How stereotypes affect grading and tutorial feedback: Shifting evaluations or shifting standards?

Aktivität: Vorträge und GastvorlesungenKonferenzvorträgeForschung

Sarah E. Martiny - Sprecher*in

Carolin Schuster - Sprecher*in

Susanne Narciss - Ko-Autor*in

    Men in prototypical female occupations – How masculine hobbies can boost their agencyDespite increasing gender equality in our modern societies, gender segregation remains in some domains. Generally, research shows gender segregation in some occupations through the overrepresentation of men in agentic, high-status, and well-paying jobs and the overrepresentation of women in communal, low-status, and not well-paying jobs. This gender segregation has received much attention and researchers and policy makers have investigated and discussed the obstacles women face in high-status domains in order to develop interventions that close the gender gap. However, much less attention has been given to the fact that not only are women underrepresented in agentic occupations, but men are also underrepresented in communal occupations (Croft, Block, & Schmader, 2015). Based on role congruity theory (Eagly & Diekman, 2005) and the model developed by Craft and colleagues (2015), the present work investigates in a set of cross-national studies whether men in communal roles can restore their masculinity by showing masculine behavior in a different domain. In detail, we conducted a study in Norway, the US, and Germany, with female participants (total N = 569). Participants read a social media profile of a male person in which we manipulated occupation (surgeon vs. nurse) and hobbies (neutral vs. masculine). We predicted that when the profile person worked in a feminine occupation (nurse), masculine hobbies (e.g., mixed martial arts) would restore his agency. Despite some variations between countries, the results mainly supported our prediction. The role of masculinity in modern societies and the remaining restrictions that go along with it will be discussed.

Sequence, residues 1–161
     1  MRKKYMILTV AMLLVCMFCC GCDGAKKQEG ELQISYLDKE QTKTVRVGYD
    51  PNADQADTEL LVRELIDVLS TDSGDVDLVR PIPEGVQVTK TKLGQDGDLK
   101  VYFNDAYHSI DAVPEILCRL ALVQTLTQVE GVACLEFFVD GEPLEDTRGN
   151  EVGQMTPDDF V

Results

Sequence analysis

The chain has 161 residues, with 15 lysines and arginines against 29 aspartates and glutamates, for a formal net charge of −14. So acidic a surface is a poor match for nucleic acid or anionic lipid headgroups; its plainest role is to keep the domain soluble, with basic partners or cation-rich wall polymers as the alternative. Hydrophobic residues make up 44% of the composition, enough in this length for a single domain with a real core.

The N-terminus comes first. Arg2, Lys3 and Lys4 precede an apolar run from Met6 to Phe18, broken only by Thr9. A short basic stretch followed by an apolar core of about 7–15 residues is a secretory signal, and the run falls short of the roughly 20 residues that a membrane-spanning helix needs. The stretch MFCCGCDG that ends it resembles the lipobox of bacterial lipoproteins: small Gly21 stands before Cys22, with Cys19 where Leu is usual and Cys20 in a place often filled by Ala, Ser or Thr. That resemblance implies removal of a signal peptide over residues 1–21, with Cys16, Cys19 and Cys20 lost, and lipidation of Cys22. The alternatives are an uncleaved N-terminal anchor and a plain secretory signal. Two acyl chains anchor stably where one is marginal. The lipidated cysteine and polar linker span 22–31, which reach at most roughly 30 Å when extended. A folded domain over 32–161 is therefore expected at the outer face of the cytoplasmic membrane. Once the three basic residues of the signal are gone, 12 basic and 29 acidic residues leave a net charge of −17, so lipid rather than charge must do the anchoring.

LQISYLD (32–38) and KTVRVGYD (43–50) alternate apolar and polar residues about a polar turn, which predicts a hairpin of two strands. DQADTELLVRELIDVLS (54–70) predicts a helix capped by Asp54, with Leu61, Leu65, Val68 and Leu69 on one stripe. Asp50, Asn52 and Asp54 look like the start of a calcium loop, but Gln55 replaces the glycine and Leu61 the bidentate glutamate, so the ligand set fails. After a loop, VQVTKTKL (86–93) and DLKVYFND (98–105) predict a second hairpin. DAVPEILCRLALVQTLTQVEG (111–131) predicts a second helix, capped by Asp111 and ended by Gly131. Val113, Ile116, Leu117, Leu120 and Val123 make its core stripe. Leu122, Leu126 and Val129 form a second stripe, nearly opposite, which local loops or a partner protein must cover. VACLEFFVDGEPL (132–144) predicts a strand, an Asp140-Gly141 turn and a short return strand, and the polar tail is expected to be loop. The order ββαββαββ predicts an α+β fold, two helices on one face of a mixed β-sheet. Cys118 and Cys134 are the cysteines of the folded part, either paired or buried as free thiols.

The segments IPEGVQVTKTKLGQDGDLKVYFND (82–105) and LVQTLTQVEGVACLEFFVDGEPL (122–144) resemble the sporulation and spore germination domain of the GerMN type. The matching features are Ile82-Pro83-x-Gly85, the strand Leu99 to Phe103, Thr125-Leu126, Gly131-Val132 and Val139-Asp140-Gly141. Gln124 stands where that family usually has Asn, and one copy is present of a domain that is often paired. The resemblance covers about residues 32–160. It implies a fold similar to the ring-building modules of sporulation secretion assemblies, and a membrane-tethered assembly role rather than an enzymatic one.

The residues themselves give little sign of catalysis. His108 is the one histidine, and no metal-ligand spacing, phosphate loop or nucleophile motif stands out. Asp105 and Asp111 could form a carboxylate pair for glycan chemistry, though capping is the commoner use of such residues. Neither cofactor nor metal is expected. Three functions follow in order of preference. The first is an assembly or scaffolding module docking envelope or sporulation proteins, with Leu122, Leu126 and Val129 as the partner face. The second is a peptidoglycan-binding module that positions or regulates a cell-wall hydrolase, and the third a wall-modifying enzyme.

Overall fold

51. Kongress der Deutschen Gesellschaft für Psychologie - DGPS 2018


    Frankfurt am Main, Hessen, Deutschland

    Veranstaltung: Konferenz